Verizon (NYSE: VZ) and CenturyLink (NYSE: CTL) may be anxious to shut down all of their copper facilities and transition to fiber, but each provider has told the FCC that de facto copper retirement is a "myth" and there's no need to include new requirements addressing the issue in its technology transition plans.
De facto copper retirement is the process where a telco would let their aging copper plant deteriorate to the point where it would become necessary to replace the copper with fiber.
The FCC is concerned about these allegations because CLECs, which rent copper facilities from ILECs like Verizon and CenturyLink, could be left without connections for their business customers.
Seeing greater operational efficiency and the potential to upsell FiOS services, Verizon has been replacing copper plant with fiber that connects to residential customers in various parts of its Northeast last mile network.
In the second quarter of 2015, Verizon reported that it had converted 51,000 customers off of copper to fiber, bringing its first-half total to 98,000. It has set a full-year goal to convert 200,000 customers
However, Verizon said that de facto copper retirement does not exist and including a provision on it would make it more challenging to migrate customers to fiber, particularly in areas where the copper plant is unsustainable to maintain.
"Consistent with our July 13 ex parte letter, we explained de facto copper retirement is a myth and defining copper retirement to include de facto retirement could result in unmanageable loop-by-loop retirement requirements and complicate a provider's ability to move customers to fiber when that is the best and most efficient way to resolve troubles they are experiencing with copper facilities," wrote Verizon in a FCC filing.
Verizon's filing comes as the carrier is in the midst of negotiating a new labor contract with workers represented by the Communications Workers of America (CWA), a union that has accused the telco of abandoning maintenance on its existing copper plant in the Northeast region.
CenturyLink, which is now the third largest U.S. ILEC, has cited a similar situation with the copper retirement process. The telco said that every year it invests a large part of its capital dollars to ensure that its existing copper network continues to function for its wholesale and consumer customers.
"CenturyLink spends billions of dollars to maintain its copper network such that a de facto copper retirement standard is not necessary to ensure the integrity of the copper network," wrote CenturyLink in an FCC filing.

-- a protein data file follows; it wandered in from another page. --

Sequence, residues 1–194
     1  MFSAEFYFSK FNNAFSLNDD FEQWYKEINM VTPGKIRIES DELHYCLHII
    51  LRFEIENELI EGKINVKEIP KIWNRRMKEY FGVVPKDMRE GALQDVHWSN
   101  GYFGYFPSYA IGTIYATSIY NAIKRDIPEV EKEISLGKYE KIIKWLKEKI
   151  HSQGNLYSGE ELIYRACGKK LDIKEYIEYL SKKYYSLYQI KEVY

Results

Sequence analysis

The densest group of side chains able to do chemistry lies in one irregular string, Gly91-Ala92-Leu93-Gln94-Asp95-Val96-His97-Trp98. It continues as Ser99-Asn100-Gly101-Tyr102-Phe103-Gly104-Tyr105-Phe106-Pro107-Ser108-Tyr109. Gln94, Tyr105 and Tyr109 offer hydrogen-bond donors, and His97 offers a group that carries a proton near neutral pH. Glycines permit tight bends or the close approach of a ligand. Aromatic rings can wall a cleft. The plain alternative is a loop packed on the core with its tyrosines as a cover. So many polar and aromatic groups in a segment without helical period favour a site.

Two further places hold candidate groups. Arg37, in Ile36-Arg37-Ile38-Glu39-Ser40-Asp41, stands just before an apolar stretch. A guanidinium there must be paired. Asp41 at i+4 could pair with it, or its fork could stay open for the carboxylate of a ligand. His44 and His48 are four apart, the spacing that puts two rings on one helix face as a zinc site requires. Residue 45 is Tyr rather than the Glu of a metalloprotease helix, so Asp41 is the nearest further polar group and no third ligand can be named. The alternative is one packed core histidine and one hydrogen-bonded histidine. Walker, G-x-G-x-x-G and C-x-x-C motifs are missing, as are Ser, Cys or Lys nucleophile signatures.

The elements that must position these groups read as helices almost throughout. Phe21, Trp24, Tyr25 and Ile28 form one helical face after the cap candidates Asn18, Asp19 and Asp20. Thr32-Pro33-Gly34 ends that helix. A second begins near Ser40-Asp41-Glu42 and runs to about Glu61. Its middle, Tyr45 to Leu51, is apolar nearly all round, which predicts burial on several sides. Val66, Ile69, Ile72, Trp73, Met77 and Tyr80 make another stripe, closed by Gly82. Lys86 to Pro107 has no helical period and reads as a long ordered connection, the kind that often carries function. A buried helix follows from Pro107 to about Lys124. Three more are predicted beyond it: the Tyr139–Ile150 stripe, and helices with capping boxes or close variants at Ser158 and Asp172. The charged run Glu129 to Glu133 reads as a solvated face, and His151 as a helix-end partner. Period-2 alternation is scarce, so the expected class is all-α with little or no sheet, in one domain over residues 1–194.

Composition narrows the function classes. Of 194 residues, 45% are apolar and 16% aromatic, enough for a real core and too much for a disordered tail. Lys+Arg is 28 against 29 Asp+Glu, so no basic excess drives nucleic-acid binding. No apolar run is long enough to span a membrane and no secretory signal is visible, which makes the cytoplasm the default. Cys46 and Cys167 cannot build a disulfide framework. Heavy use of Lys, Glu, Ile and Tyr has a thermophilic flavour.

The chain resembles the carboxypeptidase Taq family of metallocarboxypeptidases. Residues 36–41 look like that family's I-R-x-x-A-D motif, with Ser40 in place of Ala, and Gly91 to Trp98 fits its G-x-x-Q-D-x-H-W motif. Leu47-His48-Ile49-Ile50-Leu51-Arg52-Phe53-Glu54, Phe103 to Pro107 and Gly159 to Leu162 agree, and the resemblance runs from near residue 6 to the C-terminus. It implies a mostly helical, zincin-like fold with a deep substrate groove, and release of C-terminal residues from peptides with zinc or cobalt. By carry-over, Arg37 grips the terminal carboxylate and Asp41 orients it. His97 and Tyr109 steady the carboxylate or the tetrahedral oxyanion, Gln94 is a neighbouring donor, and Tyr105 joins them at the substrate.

For CLECs, the concern is what impact retiring copper in a particular region could have on serving their business customers.
Competitors like XO Communications, which use ILEC copper loops to provide Ethernet over Copper (EoC) services to complement its fiber product set, responded that while it does not want to get in the way of an ILEC's migration to fiber it wants to be given ample notice of when non-residential copper is going to be taken out of service.
XO said it agrees with FCC Chairman Tom Wheeler's proposal to mandate that ILECs provide a minimum of six months' notice for non-residential copper based retirements has been proposed by the Chairman. In a separate filing, the CLEC had asked for a one-year notice on copper retirement.
"XO is not seeking and has never sought to stand in the way of ILEC retirement of copper facilities (or require prior Commission approval), but, because XO uses ILEC copper loops to provide EoC, XO requires adequate notice and information that improves business certainty, similar to arrangements found in normal commercial relationships between vendors and customers," wrote XO in an FCC filing. "XO has sought sufficient and longer notice before copper retirements take effect to allow XO to identify and implement suitable alternatives for their end user customers in a timely fashion."
XO added that it would like the FCC to "clarify that copper facilities cannot be retired through neglect but only following actual notice."
Verizon has argued that XO's proposal for one-year notice would delay their transition to IP and fiber.
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